100-Year-Old Couple Married for 76 Years Die of Coronavirus 2 Weeks Apart
Married since 1944, Bill and Jill Calderone of Rhode Island both succumbed to coronavirus in May, their son tells PEOPLE
Ron Calderone says his 100-year-old parents, Bill and Jill Calderone, were in their best shape in years after moving into a Rhode Island care facility in March.
"My good lord, they looked terrific," Ron, 72, tells PEOPLE. "My dad, they shaved him and cut his hair, and they both just looked wonderful."
But the family's elation came to an end when coronavirus hit the nursing home a few weeks later. Bill was the first to be diagnosed with the disease, which is especially deadly for people 65 and older. Jill, who had Alzheimer's and shared a room with her husband, subsequently tested positive as well.
"We finally got to see them over FaceTime and it was awful," Ron recalls of video chatting with his parents after the facility began implementing social distancing restrictions. "I never thought I'd see my parents so debilitated, my father could barely answer me on the phone. I think all they wanted to do was go home."
Bill — a Marine veteran who fought in both World War II and the Korean War — died from complications of coronavirus on May 6. Two weeks later, a nurse held Jill's hand as the former real estate agent and devoted gardener took her last breaths on May 20.
"There's a despair you feel that comes from not being able to see these two people that I've lived with for 72 years," Ron says of his parents. "They've been my entire life."
Bill and Jill's eight-decade love story began when they met as high school classmates in Rhode Island. They married in 1944, just a few years after Bill joined the military. He stayed in the Marines until his retirement in 1958, ending a nearly 22-year career.
The couple had two children: Richard, who now lives in Hawaii, followed by Ron, who was their primary caretaker and lived next door to them in Cranston for over 35 years.
Since their deaths, Ron has been going through his parents' numerous belongings, and learning more about them with each item he explores. One thing that surprised him? His father held on to toasters from 1958 and cataloged their serial numbers, warranties and place of purchase.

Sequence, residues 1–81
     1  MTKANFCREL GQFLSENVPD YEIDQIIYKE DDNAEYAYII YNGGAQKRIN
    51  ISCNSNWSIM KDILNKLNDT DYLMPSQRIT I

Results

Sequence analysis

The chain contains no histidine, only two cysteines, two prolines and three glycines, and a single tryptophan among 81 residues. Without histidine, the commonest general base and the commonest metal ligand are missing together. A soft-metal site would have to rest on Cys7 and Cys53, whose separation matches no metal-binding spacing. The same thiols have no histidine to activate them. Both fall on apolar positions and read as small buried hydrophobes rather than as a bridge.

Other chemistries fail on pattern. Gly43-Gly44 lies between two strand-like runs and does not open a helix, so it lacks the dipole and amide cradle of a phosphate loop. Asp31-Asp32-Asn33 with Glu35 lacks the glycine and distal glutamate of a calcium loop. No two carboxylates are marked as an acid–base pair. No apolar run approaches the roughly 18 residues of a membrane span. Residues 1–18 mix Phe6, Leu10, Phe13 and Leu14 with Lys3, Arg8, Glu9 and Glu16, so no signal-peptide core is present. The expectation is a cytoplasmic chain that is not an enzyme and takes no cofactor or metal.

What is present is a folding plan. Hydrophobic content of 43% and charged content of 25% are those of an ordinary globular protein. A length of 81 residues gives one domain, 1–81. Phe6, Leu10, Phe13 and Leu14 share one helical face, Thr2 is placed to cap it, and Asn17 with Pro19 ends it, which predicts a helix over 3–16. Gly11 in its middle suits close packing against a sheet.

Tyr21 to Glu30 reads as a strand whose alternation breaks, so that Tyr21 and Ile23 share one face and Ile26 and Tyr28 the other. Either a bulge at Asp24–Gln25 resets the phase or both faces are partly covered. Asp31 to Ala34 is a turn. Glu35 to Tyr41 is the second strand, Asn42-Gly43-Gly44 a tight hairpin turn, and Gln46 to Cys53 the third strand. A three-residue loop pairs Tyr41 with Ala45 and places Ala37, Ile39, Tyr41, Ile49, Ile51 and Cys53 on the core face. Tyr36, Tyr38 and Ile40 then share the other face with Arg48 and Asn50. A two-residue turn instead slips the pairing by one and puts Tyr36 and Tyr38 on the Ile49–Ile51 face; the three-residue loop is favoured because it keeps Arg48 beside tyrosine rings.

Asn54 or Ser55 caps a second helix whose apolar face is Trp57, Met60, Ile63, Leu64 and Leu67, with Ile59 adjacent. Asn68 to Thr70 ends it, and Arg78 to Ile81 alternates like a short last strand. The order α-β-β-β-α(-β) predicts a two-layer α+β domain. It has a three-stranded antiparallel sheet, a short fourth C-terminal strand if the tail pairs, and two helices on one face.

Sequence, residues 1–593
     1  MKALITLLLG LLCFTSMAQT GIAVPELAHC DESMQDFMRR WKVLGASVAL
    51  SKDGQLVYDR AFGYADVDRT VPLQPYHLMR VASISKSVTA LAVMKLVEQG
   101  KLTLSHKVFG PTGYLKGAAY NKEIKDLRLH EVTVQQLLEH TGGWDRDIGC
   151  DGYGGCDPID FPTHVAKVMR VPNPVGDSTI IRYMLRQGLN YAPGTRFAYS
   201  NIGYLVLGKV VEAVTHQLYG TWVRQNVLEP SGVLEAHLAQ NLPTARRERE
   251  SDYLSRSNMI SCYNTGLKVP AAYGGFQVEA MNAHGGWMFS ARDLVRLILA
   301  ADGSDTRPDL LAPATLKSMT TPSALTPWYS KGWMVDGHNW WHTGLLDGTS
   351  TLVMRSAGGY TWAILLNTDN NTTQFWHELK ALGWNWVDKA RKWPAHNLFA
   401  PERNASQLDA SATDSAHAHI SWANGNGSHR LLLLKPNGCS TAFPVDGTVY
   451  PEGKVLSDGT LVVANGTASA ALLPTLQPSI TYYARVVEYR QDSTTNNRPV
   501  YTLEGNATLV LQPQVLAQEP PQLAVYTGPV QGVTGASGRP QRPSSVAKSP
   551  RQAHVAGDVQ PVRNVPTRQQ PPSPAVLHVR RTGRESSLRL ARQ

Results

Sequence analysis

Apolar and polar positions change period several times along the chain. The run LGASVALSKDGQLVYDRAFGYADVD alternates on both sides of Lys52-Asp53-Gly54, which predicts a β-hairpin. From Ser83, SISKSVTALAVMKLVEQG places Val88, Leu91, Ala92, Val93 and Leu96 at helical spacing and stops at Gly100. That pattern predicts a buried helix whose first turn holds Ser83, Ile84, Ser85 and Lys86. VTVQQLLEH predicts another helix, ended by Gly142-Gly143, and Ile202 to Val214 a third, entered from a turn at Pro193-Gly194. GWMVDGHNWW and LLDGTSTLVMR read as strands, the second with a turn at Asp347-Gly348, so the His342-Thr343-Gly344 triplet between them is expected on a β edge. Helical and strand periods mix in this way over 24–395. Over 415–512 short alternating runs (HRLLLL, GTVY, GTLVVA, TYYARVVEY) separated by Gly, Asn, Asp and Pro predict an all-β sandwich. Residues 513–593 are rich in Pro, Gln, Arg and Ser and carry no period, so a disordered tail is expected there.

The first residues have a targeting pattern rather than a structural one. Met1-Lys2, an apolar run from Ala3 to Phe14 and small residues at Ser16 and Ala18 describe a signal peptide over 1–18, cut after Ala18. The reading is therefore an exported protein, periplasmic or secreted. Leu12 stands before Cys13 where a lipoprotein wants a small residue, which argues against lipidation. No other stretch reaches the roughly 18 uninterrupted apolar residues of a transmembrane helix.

"My dad was precise with everything," Ron says while laughing.
Bill was someone who liked to do things his way, and that's why he was still cutting his own grass with a riding lawnmower at age 99.
"I used to rail at him, 'Dad, what are you doing out here? You could well afford somebody to cut your grass!'" Ron remembers telling Bill. "Well, I'm riding his lawnmower and I get it now. It's kinda fun."
Though he wasn't able to have much time with his mother in her final days, Ron says he shared a touching moment with her just three months ago.
During a visit, Ron showed Jill a statue they won together when he took her to a mother-daughter dance in 1962. Though Jill struggled with her memory due to Alzheimer's, she instantly remembered the trophy.
"She smiled when she saw it," he recalls. "I said, 'Ma, do you remember we did this?' and she said, 'Oh, yeah. We danced!'"
Ron brought the statue with him when he gave their eulogy.
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Though Bill and Jill both contracted coronavirus at the nursing facility, Ron says he doesn't fault the staff and remains grateful for the way they cared for his parents. But with states around the country beginning to relax social distancing restrictions, he hopes people continue to take the virus seriously moving forward.
"For all those people who think that this virus is nothing more than the flu, come with me to the cemetery. Two people died within two weeks of each other, and this is the result," he adds. "Go visit a cemetery and see all the funerals. I could introduce them to my mom and dad."
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